The following short letter is from Fred's mother, apparently after another home leave.
Home June 9/16
My Dearest lad
Just a line to tell you we received the P.C. this morning & how glad I was, I did not think you would have got in so soon. I watched for the Postman but I did not expect anything, as I thought you would scarcely have time to write so it was an agreabbl surprise. Ernest Cawthorn came home last
night he was sorry he did not see you, but they only let them out on the Thursday, he is looking well he is getting right fat in the face, he has liked where he has been, he says he wants to go back. We have just had Mrs Hoyle with the papers, she does not know if Harry is coming, she has not had any word but she says she will look for him tomorrow night.
I think this is all just now, I am sending it in the Guardian, I forgot to put you some soap in, I will send some next week when we send a parcel, I hope you have got settled, but it takes a long time, will write again soon best love Mother
June 18th 1916 (Sunday)
The following two letters from Fred's younger brother Norman and his mother were enclosed in the same envelope addressed in Norman's writing to 4695 Pte Fred C. Firth, 3/5th Duke of Wellington's W. R. R., No 3 lines, No 26 Hut, Clipstone Camp, and postmarked 18 June 19…. The reverse of the envelope is stamped Thomas Firth, Plumber, Marsden. A "sturk" (stirk) is a young cow or bullock.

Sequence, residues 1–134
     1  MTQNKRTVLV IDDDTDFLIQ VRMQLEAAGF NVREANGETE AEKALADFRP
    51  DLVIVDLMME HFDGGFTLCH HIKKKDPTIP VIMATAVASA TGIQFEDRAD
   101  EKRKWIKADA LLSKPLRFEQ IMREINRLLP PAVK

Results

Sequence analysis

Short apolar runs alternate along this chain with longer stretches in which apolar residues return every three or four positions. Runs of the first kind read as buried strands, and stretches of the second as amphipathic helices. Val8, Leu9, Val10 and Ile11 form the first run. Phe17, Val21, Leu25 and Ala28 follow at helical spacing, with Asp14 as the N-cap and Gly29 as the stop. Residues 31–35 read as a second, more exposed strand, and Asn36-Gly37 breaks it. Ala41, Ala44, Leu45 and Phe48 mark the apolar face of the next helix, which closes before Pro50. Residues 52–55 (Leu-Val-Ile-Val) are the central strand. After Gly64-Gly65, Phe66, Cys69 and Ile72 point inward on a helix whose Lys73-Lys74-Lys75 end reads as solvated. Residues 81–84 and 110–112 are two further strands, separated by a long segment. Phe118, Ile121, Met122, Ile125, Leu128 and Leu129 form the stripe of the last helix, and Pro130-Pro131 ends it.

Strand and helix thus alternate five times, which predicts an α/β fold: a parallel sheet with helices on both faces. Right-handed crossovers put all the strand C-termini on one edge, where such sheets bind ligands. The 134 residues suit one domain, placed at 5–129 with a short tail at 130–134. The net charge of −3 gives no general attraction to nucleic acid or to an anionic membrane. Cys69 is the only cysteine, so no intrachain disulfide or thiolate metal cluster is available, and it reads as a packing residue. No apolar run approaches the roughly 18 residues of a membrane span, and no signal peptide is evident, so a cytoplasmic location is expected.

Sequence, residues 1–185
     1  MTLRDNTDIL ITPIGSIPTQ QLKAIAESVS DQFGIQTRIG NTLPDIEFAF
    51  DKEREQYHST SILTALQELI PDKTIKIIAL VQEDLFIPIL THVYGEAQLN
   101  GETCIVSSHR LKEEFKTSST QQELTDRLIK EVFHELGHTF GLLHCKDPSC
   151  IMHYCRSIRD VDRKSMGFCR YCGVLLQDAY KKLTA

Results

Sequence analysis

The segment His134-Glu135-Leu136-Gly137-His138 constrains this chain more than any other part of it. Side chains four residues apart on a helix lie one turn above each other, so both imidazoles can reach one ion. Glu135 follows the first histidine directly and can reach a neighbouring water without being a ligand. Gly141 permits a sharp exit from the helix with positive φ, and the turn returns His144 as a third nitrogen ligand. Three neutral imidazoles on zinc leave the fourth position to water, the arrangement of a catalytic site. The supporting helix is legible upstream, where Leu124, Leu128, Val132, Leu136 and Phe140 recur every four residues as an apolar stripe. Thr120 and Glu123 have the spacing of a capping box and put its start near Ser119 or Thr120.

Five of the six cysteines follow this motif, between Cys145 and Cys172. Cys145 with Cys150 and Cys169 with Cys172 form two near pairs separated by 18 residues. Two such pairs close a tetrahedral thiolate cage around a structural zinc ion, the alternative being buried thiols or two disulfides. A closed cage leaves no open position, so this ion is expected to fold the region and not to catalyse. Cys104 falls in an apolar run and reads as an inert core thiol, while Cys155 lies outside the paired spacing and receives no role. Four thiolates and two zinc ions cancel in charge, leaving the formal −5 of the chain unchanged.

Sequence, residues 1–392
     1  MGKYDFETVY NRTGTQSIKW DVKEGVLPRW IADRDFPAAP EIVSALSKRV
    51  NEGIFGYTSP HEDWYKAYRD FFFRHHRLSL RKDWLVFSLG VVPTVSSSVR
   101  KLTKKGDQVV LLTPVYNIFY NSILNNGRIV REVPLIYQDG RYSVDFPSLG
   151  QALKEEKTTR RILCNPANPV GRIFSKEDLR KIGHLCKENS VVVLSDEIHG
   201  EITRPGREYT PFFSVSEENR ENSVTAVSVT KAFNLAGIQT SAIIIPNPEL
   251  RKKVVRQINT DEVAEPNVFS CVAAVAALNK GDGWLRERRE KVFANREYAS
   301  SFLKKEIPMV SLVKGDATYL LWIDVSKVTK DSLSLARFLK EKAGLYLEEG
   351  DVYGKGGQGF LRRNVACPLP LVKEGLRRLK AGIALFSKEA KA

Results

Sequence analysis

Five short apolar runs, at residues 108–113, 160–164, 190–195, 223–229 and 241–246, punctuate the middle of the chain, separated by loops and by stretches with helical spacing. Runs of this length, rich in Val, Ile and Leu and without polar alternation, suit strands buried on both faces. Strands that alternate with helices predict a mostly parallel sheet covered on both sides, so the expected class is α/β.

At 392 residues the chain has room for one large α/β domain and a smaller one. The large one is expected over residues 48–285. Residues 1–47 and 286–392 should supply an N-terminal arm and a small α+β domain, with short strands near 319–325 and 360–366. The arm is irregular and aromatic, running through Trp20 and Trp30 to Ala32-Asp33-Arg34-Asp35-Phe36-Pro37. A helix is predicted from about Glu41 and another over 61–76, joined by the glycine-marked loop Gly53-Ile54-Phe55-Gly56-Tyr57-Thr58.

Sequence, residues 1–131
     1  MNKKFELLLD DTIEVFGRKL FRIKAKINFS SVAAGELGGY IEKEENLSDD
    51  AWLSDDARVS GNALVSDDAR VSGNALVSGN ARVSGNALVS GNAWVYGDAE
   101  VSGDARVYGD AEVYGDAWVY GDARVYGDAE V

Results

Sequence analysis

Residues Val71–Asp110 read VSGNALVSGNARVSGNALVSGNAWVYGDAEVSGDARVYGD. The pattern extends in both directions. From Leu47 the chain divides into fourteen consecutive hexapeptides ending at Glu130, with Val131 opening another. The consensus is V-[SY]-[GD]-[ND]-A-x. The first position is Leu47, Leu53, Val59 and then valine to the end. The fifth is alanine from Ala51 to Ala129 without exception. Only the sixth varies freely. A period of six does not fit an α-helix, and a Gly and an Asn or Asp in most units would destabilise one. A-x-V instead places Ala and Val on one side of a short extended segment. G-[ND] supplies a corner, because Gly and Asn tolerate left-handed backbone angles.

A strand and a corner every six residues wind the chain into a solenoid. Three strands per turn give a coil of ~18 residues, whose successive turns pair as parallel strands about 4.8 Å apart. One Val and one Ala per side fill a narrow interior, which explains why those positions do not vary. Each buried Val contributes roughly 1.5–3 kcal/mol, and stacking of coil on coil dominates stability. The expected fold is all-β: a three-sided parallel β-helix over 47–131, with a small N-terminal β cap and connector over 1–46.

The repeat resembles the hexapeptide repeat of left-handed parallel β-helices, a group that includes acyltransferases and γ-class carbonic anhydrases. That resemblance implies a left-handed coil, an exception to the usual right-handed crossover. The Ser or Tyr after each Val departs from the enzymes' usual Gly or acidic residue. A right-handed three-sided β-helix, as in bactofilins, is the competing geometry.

19 Peel Street
June 18th 1916
Just a line or two it is Sunday dinnertime, [and] I seem to have a bit of time as I've just been playing my instrument and got out of wind and fairly feel "puffed". I have been to Chapel this morning and taken up the weekly offerings so you see I shall soon be a sidesman. We are practising the Anniversary Hymns this afternoon and G.H. will be conducting.
Mary and I went to Clough Head last Sunday and it was a "poor do" for I did not like the selection of Hymns at all their was W. Whitwam there as usual "banging" forms about and he nearly knocked [the] pulpit down in his alley attempt to get a form in too many and there were as many "tall Shiners" as I couldn't tell what when it was over I asked someone for my hat and they were giving me a "tall shiner" but I rejected it and said I hadn't got into a parson yet. I sat at the side of "White Ned" you won't know him but he is one of weavers and he would have me sit at the side of him.